Cause for celebration | Inquirer Opinion

Cause for celebration

/ 12:32 AM April 14, 2016

Tomorrow, April 15, is literally a red-letter day, especially for the cause of humanitarian aid—it is the 69th founding anniversary of the Philippine Red Cross (PRC).

Formally inaugurated in Malacañang in 1947 with former First Lady Aurora Aragon Quezon as its first chair, PRC traces its roots to the revolutionary era—specifically on Feb. 17, 1899, when the Malolos Republic approved the Constitution of the National Association of the Red Cross upon the initiative of the Brains of the Philippine Revolution, Apolinario Mabini.


Since then, PRC has evolved to become the foremost humanitarian organization in the country, committed to provide quality life-saving services to those in need, especially in times of disasters and other vulnerable situations.

The organization’s mantra of “Always First, Always Ready, Always There” has seen PRC grow into a reliable first responder, providing relief, rehabilitation, rescue and welfare services, and other forms of intervention during crises and emergencies.


Responsive to the needs of the times, the organization has continuously reinvented itself to stay relevant and indispensable. Where it used to be involved only in providing blood as well as managing and distributing donated goods during relief operations, the organization now focuses on a more holistic approach to uplift the condition of the most vulnerable. Where it used to offer short-term palliatives, it now offers a wider array of humanitarian services ranging from preventive medicine to therapeutic counseling and youth leadership.

At the same time, PRC offers assistance, expertise and extra hands even during the most prosaic moments when it could be of some help.

Largely unheralded, its volunteers participated in forest fire response activities in Mt. Apo in Davao from March 29 to April 3. PRC Davao City chapter’s search and rescue team was mobilized to help in the firefighting efforts, building fire lines to help prevent the further spread of the fire that had been raging since March 26.

In El Niño and drought-stricken communities, PRC is currently working with local government units (LGUs) for the distribution of relief goods like rice in the face of a possible food shortage because of the lean harvest.

The organization has also become an expected, and a welcome presence as well, in the annual Holy Week exodus from the city. In this year’s Lenten rush, it served a total of 4,308 people as it provided ambulances and put up first aid stations in churches, beaches, swimming pools/resorts, gasoline stations, bus terminals, ports, parks, highways and other public places.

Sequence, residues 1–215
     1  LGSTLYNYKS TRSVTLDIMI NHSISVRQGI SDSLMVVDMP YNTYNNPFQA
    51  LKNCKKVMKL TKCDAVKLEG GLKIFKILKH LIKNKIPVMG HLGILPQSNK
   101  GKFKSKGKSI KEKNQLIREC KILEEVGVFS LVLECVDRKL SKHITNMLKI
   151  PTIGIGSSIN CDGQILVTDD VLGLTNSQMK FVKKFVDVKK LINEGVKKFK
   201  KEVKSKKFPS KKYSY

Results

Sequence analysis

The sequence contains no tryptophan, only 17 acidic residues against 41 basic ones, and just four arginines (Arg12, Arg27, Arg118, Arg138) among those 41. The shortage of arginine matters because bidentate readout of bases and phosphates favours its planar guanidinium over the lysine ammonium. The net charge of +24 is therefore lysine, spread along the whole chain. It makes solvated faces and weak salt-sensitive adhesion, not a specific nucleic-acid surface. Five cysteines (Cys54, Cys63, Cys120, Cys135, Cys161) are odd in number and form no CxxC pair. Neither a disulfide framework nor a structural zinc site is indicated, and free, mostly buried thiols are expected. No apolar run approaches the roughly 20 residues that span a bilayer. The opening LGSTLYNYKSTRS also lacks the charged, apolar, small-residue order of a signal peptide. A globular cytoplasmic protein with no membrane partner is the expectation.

And there was “Yolanda,” when the government’s social welfare system and infrastructure broke down—overwhelmed by the sheer magnitude of the 2013 catastrophe brought on by the world’s strongest typhoon so far.  Even while LGU officials and staff were themselves at a loss on how to cope with the disaster and reach disaster sites, PRC was there. Amid the bickering, finger-pointing and accusations of plundered relief goods between local officials and national government agencies, PRC remained the one constant that international donors banked on, knowing that under PRC’s auspices, their contributed goods would safely and promptly reach the intended beneficiaries.

Thanks to its largely voluntary, independent and autonomous funding, PRC remains a credible organization, its proven integrity the best antidote to compassion fatigue caused by the constant politicking in our midst.


PRC lives by the seven fundamental principles of the International Red Cross and Red Crescent Movement—humanity, impartiality, neutrality, independence, voluntary service, unity and universality.  It continues to provide six major services: blood donation and supply, disaster management, safety, health, social services, as well as youth and volunteer services.

In recent years, PRC has worked to bring its services even closer to the community, moving its headquarters to a more accessible location on Edsa and Boni Avenue in Mandaluyong, with a state of the art Operations Center and  blood bank meant to improve even more the quality of its services. PRC has also built several warehouses and logistics hubs in different regions nationwide to ensure speedier response when disaster hits. The organization has even expanded its humanitarian reach, servicing other disaster-affected countries like Nepal, which was crippled by a strong quake last year.

Such initiatives have made the Philippine Red Cross one of the strongest Red Cross organizations in the world, certainly enough cause for celebration.

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TAGS: Anniversary, drought, El Niño, forest fire, Mt Apo, Philippine red cross, supertyphoon ‘yolanda’
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